A proposed Morningside Heights historic district is one step closer to reality after the city’s Landmarks Preservation Commission held a public hearing on the matter Tuesday, with the public overwhelmingly in favor of the project.
The proposed area comprises of 115 buildings and roughly stretches from West 108th Street to West 119th Street along parts of Amsterdam Avenue, Riverside Drive and Broadway. Most of the buildings in this area consist of residential developments that were built between the 1890s and the 1920s, along with some institutional buildings like churches and synagogues.
The institutions were among the few voices of dissent at the meeting on Tuesday. Daniel Victor, one of the board members of a small Upper West Side synagogue, the Congregation Ramath Orah, said the congregation barely breaks even at present, and that being part of a historic district would be an added financial burden the synagogue would find extremely hard to take on. He stressed that the synagogue was still $250,000 short on funds for much-needed repairs to the building at 550 West 110th Street.
Financial burden was also a concern for the Broadway Presbyterian Church, located on West 114th Street. A lawyer for the church said that a historic district would hobble their restoration efforts, and emphasized the fact that the gothic architecture of the Church was out of sync with the more Beaux-Arts elements of the buildings in the proposed district, and hence did not merit a designation.
“We do not want to deface our building,” Chris Shelton, the pastor of the church said at the meeting. “We share a deep commitment to keeping it the way it is, but landmarking will make this so much harder.”
Andrew Dolkart, a professor at Columbia University’s Graduate School of Architecture, Planning, and Preservation and the director of the school’s Historic Preservation program did not agree with this logic. Dolkart is also the author of Morningside Heights: A History of Its Architecture and Development, and stressed the point that it was common for institutions like churches and synagogues to be incongruous with the architectural styles of the residential developments—it was how these institutions made themselves distinct.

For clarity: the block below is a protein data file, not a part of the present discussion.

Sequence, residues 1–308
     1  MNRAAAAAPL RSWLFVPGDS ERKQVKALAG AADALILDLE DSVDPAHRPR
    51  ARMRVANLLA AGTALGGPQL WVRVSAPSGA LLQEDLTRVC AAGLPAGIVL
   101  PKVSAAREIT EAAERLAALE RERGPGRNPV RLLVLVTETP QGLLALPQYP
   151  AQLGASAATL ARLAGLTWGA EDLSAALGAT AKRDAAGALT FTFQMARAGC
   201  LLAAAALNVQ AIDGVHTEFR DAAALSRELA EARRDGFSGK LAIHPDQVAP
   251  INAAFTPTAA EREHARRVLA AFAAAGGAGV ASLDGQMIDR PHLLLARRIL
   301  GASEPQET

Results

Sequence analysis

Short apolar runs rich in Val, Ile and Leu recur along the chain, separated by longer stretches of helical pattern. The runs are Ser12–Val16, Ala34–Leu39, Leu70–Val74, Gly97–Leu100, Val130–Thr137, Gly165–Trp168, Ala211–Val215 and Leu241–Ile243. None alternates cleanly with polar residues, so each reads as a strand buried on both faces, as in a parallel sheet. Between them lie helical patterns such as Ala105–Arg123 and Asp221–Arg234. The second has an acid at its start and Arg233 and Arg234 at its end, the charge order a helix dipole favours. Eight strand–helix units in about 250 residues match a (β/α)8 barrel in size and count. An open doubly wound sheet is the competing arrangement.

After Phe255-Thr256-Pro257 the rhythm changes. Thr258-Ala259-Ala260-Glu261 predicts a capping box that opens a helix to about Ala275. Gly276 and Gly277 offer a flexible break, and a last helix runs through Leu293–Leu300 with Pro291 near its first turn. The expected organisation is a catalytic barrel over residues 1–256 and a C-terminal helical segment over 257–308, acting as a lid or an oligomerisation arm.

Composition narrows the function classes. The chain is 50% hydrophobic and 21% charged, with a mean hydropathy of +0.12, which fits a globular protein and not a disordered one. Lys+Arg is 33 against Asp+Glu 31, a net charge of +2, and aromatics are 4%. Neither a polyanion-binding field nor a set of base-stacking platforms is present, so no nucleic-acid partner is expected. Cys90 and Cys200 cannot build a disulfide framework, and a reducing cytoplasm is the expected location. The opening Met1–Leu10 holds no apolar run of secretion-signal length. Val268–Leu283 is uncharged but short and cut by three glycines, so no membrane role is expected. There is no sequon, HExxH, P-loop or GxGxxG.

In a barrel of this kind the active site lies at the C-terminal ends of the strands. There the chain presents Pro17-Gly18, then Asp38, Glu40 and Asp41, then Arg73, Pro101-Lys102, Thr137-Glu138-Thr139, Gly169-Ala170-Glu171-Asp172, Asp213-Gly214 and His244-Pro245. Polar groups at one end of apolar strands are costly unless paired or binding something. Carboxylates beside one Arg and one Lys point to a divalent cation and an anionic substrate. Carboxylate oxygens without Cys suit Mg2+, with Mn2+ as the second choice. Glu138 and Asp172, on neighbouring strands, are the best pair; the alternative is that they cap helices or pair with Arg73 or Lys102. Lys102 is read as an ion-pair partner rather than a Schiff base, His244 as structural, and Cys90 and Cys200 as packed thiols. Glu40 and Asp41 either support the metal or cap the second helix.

Perhaps the best known institution from the neighborhood, Columbia University, was also on board with the historic district save for one particular area—a row of houses located at 604-616 West 114th Street. A representative for the University argued that the buildings had no architectural merit to be included as part of the district and that landmarking would make it hard for the university to use the building for future student housing needs.
Aside from those reservations, there was overwhelming support in favor of creating the historic district. The Morningside Heights Historic District Committee has been fighting for the past 20 years to create this district, and the president of group, Laura Friedman expressed great joy at the Landmarks Commission having taken up the matter.
Elected officials including City Councilman Mark Levine, Manhattan Borough President Gale Brewer and State Assemblyman Daniel O’Donnell have all strongly supported such a district for quite some time now, but the most powerful and persuasive testimony came from dozens of long-term residents of the neighborhood on Tuesday.
Many of the residents who spoke in favor of creating the historic district have been living there since the 1970s and spoke fondly of raising their families in the area. Marcia Powell, who along with her husband has lived in the neighborhood since 1976 stressed the urgency of protecting these buildings as developments like the rentals now hugging the Cathedral of St. John the Divine encroach upon the neighborhood.
“These buildings need the protection of law and preservation,” Powell said. “They should not end up in dumpsters.”
Even the Real Estate Board of New York (REBNY) was in support of creating the historic district with vice president of urban planning at the organization, Paimaan Lodhi stating that prime development sites along Broadway had been left out of the district which made the historic district “more coherent.”
The Landmarks Commission also held a public hearing for a proposal to landmark the Cathedral of St. John the Divine, and its seven-building campus earlier on Tuesday with public opinion also favoring landmarking in this case.
The Commission will vote on both the historic district and the cathedral complex in the coming months.